The breakdown of the film gives significantly more time to events in the home town rather than Vietnam. This is as it should be – for many people the war was a fleeting thing that has stayed with them for much longer than they were actually involved. The wedding scene is a little overlong but it does serve as a chance to get to see the characters in their setting before we quickly move to the events that changed them and the people they become. The time in Vietnam is quite short but very memorable (many people who have never seen the film will still know these scenes) and the final hour or so of the film is moving even if it takes things to an extreme to make it's point.

The cast make the film work as well, if not more, than the material itself. De Niro is the rock on which it all stands and is pretty good. The only weakness in his performance was that he was the one who had to be `the hero' type who does what he can. Walken gets the lion share of praise for his is the role that changes the most significantly throughout the film. It is easy to forget that he was not anywhere near as famous as De Niro at this time and it is amazing in that regard to see him hold his own. Savage gives a good performance and support is strong in the form of such actors as Cazale, Dzundza and Aspegren. Even Streep gives a performance refreshingly free of sentiment or forced accents.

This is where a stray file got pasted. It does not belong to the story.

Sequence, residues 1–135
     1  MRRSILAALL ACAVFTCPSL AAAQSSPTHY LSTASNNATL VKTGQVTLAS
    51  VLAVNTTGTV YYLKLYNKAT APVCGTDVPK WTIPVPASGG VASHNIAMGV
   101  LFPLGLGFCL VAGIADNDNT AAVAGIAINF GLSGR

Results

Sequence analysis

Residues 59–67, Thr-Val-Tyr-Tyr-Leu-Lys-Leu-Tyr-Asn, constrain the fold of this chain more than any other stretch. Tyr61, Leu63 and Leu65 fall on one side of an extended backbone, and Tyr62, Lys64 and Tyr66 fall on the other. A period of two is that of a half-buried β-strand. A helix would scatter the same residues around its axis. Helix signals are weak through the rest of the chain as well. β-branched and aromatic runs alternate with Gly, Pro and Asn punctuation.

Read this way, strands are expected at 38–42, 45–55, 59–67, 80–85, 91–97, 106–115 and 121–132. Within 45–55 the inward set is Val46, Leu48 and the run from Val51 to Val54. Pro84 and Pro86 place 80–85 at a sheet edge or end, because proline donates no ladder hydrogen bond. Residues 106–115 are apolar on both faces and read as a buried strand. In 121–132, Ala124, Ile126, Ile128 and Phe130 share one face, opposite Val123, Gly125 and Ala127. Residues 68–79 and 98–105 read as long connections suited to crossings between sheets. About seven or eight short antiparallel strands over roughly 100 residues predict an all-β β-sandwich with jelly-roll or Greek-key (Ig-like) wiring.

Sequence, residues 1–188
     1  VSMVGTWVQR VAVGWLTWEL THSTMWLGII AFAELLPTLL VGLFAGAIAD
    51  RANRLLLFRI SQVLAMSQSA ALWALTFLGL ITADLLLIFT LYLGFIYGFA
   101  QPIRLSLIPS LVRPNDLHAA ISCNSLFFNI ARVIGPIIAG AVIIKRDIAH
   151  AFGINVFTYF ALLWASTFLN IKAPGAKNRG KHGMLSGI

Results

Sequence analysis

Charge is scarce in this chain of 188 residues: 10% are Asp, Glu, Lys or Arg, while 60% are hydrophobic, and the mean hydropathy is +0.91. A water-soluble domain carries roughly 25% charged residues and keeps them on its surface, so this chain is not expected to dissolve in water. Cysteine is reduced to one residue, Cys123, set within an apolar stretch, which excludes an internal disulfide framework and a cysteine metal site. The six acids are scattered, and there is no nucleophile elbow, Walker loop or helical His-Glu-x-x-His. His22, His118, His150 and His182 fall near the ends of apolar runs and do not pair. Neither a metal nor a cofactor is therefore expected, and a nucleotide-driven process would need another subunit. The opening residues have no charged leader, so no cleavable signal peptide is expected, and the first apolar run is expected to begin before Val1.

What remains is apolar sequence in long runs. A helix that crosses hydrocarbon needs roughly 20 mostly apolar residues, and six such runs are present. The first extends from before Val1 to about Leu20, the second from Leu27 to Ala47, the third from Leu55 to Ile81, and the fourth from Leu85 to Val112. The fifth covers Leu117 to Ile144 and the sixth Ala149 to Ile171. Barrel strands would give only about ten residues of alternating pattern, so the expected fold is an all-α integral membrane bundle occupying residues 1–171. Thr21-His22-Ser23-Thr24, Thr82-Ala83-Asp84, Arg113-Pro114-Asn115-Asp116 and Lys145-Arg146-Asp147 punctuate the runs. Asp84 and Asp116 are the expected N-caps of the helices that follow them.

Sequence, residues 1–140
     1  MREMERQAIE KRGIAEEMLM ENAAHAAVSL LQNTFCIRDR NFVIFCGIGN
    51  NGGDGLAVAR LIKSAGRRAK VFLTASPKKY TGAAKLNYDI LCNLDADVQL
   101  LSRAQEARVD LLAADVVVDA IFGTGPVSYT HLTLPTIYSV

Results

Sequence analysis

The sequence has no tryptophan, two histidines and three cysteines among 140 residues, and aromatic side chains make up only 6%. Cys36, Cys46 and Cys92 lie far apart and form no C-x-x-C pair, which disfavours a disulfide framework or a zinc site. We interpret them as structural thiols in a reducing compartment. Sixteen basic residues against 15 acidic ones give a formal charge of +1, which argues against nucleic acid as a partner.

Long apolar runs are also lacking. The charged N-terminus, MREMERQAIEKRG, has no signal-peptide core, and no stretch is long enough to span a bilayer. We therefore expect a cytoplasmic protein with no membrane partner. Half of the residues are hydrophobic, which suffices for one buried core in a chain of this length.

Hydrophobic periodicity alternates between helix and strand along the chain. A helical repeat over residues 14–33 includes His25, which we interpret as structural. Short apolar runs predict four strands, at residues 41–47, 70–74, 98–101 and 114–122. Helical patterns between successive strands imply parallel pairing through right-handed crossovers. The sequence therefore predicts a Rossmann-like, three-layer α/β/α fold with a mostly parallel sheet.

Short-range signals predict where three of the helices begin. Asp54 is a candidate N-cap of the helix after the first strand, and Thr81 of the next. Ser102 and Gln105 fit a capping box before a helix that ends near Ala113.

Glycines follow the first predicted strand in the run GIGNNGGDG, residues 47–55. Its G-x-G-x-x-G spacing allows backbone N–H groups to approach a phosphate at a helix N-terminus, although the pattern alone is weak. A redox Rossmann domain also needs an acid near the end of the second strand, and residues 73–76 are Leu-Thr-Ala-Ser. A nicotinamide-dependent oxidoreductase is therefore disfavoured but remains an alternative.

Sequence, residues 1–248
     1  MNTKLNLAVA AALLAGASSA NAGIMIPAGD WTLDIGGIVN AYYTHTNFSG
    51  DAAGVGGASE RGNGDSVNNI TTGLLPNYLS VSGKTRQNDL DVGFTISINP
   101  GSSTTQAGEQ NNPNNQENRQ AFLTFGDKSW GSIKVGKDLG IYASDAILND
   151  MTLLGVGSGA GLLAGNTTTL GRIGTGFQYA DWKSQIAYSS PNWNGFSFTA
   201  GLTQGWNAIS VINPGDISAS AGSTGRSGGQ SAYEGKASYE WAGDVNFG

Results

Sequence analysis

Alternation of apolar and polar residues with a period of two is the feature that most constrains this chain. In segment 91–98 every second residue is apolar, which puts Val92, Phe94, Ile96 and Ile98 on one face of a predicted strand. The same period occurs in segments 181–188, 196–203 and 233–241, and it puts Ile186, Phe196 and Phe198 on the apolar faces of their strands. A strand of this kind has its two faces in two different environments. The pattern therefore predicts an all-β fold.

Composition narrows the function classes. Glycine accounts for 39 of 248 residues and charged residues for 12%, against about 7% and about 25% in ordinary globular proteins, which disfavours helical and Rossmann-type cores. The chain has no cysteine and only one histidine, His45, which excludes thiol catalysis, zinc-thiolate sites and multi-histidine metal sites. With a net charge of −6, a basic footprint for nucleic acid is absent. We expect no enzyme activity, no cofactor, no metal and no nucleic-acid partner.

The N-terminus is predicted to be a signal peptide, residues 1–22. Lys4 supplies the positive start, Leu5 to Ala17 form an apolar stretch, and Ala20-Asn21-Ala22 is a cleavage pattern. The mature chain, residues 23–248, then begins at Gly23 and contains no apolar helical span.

The film is a little overlong and could easily have lost 30 minutes (although not all from one place) to give it a tighter feel. Some scenes feel stretched beyond their useful duration leading to the feel that the film wanted to be 3 hours long, rather than being cut back to 3 hours long. Despite this though I still think this is a good film that is a powerful story at it's heart. I personally don't think it would make my top 50 (were I ever to do one) but I will watch it again.

30 of 49 people found this review helpful.  Was this review helpful to you? | Report this
Review this title | See all 1,160 user reviews »

Frequently Asked Questions

See more »


Official Sites:

Official site



Release Date:

23 February 1979 (USA) See more »

Also Known As:

The Man Who Came to Play See more »

Filming Locations:

Mingo Junction, Ohio, USA See more »


Box Office


$15,000,000 (estimated)

Gross USA:


Cumulative Worldwide Gross:

See more on IMDbPro »

Company Credits

Show more on IMDbPro »

Technical Specs


Sound Mix:

70 mm 6-Track (70 mm prints)| Dolby Stereo (35 mm prints) (as Dolby System)



Aspect Ratio:

2.39 : 1
See full technical specs »

Contribute to This Page

Recently Viewed